One of the most irritating parts of reporting — always has been, always will be — is the waiting. Waiting around in locker rooms. Waiting around in clubhouses (which is what they call locker rooms in baseball). Waiting around on the courthouse steps for the verdict to come in, or sitting in front of a podium waiting for a press conference to begin.
Or this, the worst one: Waiting for a source to call you back.
This is especially true for me nowadays because I’m not out on the beat. Most of my time, as a freelancer, is researching stuff online and interviewing people over the phone. If, that is, they call back.
And if they don’t … well, that’s where it gets hairy sometimes.
Do you wait another five minutes until you bug them again with another phone call? Do you try an end-around; another phone number or email? Do you try to sic the PR people on them, make them feel guilty?
Are you sure that email was the correct one? Is that the right phone number?
And what if s/he doesn’t call back? What then? What’s your Plan B? C? F?
It’s not always hard. Sometimes, people are only too glad to speak to you (I’m talking non-athletes now), to share their work or explain a position, to provide information so what you’re working on might actually be, you know, informational. And correct.
Last week I did a piece with three sources, on mail-order marriages. Spent a good half-hour on the phone with each of them; an author writing a book on it, a filmmaker who had done a documentary and the owner of one of those mail-order bride sites. All were delightful. So delightful I didn’t have nearly enough room for all they had to say.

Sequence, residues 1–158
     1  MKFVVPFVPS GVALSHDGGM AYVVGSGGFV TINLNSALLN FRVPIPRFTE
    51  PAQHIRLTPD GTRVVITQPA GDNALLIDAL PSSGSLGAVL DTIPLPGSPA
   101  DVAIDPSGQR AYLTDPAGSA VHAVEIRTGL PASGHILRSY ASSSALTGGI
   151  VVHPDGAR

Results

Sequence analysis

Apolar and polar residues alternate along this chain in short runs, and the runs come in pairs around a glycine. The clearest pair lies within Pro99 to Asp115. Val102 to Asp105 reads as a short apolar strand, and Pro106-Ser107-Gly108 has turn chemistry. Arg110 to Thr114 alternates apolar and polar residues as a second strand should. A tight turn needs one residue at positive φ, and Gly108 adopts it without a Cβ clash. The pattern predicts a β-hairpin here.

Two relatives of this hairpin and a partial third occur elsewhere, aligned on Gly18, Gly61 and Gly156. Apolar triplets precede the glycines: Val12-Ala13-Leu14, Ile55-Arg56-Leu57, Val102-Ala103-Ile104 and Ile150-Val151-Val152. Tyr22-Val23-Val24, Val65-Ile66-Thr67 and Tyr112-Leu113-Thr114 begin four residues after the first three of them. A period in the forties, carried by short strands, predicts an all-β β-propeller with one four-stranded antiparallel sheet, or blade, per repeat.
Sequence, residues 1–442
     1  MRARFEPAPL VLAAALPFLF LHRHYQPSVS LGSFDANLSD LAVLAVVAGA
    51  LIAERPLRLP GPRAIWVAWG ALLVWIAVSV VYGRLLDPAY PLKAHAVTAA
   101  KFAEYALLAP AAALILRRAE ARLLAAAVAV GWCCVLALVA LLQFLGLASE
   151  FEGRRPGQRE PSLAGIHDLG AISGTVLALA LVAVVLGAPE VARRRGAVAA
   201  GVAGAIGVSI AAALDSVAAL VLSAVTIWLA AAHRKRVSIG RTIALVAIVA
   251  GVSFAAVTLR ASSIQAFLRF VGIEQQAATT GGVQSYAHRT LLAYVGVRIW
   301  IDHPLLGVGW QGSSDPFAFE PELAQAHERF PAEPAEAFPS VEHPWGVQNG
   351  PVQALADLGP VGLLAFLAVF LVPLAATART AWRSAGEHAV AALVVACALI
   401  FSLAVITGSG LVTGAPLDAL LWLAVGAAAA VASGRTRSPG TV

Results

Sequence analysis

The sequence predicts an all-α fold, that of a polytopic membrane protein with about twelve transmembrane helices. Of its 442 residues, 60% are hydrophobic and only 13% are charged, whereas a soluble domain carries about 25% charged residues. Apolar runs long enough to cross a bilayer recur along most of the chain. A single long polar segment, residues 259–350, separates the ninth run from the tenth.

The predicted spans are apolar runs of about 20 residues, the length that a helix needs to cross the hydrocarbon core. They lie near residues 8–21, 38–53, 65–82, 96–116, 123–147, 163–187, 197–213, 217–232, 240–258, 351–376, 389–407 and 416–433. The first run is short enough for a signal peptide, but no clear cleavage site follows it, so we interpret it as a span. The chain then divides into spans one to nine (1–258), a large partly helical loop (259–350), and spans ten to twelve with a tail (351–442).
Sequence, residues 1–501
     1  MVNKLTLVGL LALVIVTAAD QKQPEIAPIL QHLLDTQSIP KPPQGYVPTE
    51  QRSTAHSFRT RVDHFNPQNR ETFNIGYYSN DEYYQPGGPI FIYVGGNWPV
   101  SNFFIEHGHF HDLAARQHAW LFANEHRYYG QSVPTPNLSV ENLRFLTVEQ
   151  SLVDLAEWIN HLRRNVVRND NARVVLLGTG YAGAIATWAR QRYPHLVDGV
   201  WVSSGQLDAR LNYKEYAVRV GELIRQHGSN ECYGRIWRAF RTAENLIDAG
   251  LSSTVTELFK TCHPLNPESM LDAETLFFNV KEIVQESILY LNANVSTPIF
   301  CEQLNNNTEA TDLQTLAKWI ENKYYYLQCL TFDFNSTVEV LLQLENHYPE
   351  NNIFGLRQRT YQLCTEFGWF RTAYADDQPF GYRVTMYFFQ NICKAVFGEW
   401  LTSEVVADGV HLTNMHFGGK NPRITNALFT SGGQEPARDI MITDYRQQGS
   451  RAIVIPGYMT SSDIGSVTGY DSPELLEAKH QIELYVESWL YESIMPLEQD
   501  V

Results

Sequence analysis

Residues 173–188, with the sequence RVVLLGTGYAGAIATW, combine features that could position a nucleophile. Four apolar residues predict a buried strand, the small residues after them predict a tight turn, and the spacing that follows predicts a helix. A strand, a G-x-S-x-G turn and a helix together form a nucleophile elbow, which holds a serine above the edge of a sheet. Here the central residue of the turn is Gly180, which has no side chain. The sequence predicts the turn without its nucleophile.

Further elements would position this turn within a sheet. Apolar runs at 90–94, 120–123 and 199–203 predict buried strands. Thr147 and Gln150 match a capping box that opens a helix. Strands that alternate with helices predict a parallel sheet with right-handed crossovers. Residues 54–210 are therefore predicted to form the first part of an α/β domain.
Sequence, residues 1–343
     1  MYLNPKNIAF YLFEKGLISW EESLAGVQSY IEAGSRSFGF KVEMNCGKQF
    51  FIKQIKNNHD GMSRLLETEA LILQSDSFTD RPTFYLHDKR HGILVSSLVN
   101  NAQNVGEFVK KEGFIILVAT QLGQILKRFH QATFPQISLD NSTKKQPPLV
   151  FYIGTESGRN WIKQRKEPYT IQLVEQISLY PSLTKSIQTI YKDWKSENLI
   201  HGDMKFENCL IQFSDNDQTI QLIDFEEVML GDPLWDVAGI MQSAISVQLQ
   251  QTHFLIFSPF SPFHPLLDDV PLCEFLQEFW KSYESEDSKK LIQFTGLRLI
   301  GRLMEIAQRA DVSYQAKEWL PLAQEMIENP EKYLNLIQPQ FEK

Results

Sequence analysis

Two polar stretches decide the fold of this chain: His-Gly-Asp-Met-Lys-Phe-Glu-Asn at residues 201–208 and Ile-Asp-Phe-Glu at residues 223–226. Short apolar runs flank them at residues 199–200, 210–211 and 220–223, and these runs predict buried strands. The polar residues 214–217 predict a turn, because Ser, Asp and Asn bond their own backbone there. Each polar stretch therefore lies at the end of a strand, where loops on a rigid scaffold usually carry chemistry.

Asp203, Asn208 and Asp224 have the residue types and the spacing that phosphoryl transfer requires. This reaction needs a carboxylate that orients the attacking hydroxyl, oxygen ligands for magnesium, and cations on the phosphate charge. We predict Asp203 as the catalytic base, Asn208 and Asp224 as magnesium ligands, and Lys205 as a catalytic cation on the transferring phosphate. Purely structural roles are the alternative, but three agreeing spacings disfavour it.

And then we have this week …
[insert annoying cricket sound here]
I’m not doing anything differently. I’m being aggressive, I think, but not overly so. I’ve followed up, nicely, with phone calls and emails. Yet …
[you get it by now]
Sure, this may sound like whining. It probably is. This is part of the business. I get it. I get it more than most. And, generally, I don’t mind. There’s a sense of satisfaction when, finally, I land an interview with someone I’ve been after for a few days.
The problem, though, is with freelancing, all that waiting around? You don’t get paid for it. It doesn’t help you get paid. It’s essentially throwing your time — read: money — in the street. If, you know, you had money to throw in the street.
I’ve had, over the past year-plus, the chance to talk to some really cool people over the phone. Smart people, interesting people. Funny people. I’ve done dozens and dozens and dozens of interviews (that’s at least 72, and I feel confident that’s probably a little low). That’s way more than beat guys do, ’cause their subjects are often right in front of them. In fact, I’d say that 75 percent of interviews for beat guys — whether it’s the police beat or the Bengals beat — are in person. Makes things a lot easier.
I’ve done so many interviews over the phone in the past 14, 15 months or so it’s ridiculous. But you know what? The ones that didn’t call me back, those guys I’ll remember.
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[…] other day, stabbing at the remote control at the end of a long day of waiting for calls and not getting them back, I watched a few minutes of a Denzel Washington movie, John Q. In it, Denzel plays a hard-working […]